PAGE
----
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Old 01-01-2009, 01:16 AM posted to triangle.gardens
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I have not posted for a while. I kind of lost interest while I was
having heart problems, but I seem to be recovering enough to be
interested in gardening again. I actually got my garden tilled this
fall instead of spring as it normally happens.

I just got a Burpee and Stark Brothers catalogs. I plan to plant the
regular stuff. String beans, squash, tomatoes, cucumbers, okra,
peppers(though I specialize in killing them). I have an asparagus bed
as well. Perhaps some snow peas, radish and greens as a early garden.
I have some collards and cabbage now that look pretty good, but I
thought the bugs were going to devour them this fall. So greens for
greenbacks on new years day for us.

--
Wes Dukes ([email protected]) Swap the . and the @ to email me please.

is a garbage address.

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Old 01-01-2009, 02:03 AM posted to triangle.gardens
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Wes Dukes wrote:
I have not posted for a while. I kind of lost interest while I was
having heart problems, but I seem to be recovering enough to be
interested in gardening again. I actually got my garden tilled this
fall instead of spring as it normally happens.

I just got a Burpee and Stark Brothers catalogs. I plan to plant the
regular stuff. String beans, squash, tomatoes, cucumbers, okra,
peppers(though I specialize in killing them). I have an asparagus bed
as well. Perhaps some snow peas, radish and greens as a early garden.
I have some collards and cabbage now that look pretty good, but I
thought the bugs were going to devour them this fall. So greens for
greenbacks on new years day for us.


Hi Wes,

Thanks for posting in. I am more of a lurker than a
contributor. We also have had our share of health problems
limiting us on what we did the past two years.

We have planted a garden every year but we struggle to keep
it maintained for maximum performance. We do a lot of
canning and that continues to be a great interest of ours.
It really helps to enjoy the garden throughout the calendar
year by canning. A lot of the products we put up are jellys,
tomato sauces and hot pepper sauces.

Good luck with the garden next year and Happy New Year.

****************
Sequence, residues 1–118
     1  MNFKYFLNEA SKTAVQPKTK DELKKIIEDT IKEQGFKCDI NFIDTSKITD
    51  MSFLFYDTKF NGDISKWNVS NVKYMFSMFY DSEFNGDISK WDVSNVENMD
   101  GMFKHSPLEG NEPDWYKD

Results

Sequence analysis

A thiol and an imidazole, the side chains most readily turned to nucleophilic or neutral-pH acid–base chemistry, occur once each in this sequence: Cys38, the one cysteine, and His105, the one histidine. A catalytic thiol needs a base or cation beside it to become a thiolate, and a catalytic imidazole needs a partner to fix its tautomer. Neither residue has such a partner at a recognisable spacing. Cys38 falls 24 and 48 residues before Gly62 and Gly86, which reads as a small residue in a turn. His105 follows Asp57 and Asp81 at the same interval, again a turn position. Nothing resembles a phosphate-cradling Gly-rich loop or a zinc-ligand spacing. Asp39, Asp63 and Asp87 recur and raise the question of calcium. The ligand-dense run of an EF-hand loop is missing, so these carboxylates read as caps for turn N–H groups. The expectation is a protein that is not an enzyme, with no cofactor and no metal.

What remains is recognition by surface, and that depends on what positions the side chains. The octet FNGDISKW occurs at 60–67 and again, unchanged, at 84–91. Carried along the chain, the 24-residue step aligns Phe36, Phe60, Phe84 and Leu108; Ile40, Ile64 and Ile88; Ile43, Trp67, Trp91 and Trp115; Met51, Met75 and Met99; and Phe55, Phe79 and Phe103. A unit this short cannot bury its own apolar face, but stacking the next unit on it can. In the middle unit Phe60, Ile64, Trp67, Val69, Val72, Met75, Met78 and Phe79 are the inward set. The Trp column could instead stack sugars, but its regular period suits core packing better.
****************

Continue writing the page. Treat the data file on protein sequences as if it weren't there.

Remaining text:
Craig in Raleigh

(is this a top posting group or bottom posting group? To
many to keep up with)
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Old 01-01-2009, 04:30 AM posted to triangle.gardens
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On Thu, 01 Jan 2009 01:03:22 GMT in Craig Watts wrote:

We have planted a garden every year but we struggle to keep
it maintained for maximum performance. We do a lot of
canning and that continues to be a great interest of ours.


canning is the goal for my garden next year. And keeping it maintained
is a pain.

(is this a top posting group or bottom posting group? To
many to keep up with)


If your response is not aided by quoting the other person
DO NOT QUOTE them.
And as this newsgroup existed before the september that finally ended,
it's good old internet style TRIMMED quoting.


--
Chris Dukes
davej eskimos have hundreds of words for snow. I have two. Bullshit.
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Old 01-01-2009, 02:43 PM posted to triangle.gardens
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On Dec 31 2008, 7:16*pm, Wes Dukes
wrote:
I have not posted for a while. *I kind of lost interest while I was
having heart problems, but I seem to be recovering enough to be
interested in gardening again. *I actually got my garden tilled this
fall instead of spring as it normally happens.

I just got a Burpee and Stark Brothers catalogs. *I plan to plant the
regular stuff. *String beans, squash, tomatoes, cucumbers, okra,
peppers(though I specialize in killing them). *I have an asparagus bed
as well. *Perhaps some snow peas, radish and greens as a early garden.
I have some collards and cabbage now that look pretty good, but I
thought the bugs were going to devour them this fall. *So greens for
greenbacks on new years day for us.

--
Wes Dukes ([email protected]) *Swap the . and the @ to email me please.

*is a garbage address.


I am still here!! We are enjoying our greenhouse and still getting
produce. We have some cherry tomatoes, regular tomatoes and snow peas
currently. We have had it for a year now and really love the extended
gardening. It was just a couple of weeks ago there was still zuccini.
Keep in touch folks
Mary Jo
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Old 01-01-2009, 07:14 PM posted to triangle.gardens
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Last year: bountiful cucumbers (gave away lots) but the
basil crop was a total failure.
It's different every year!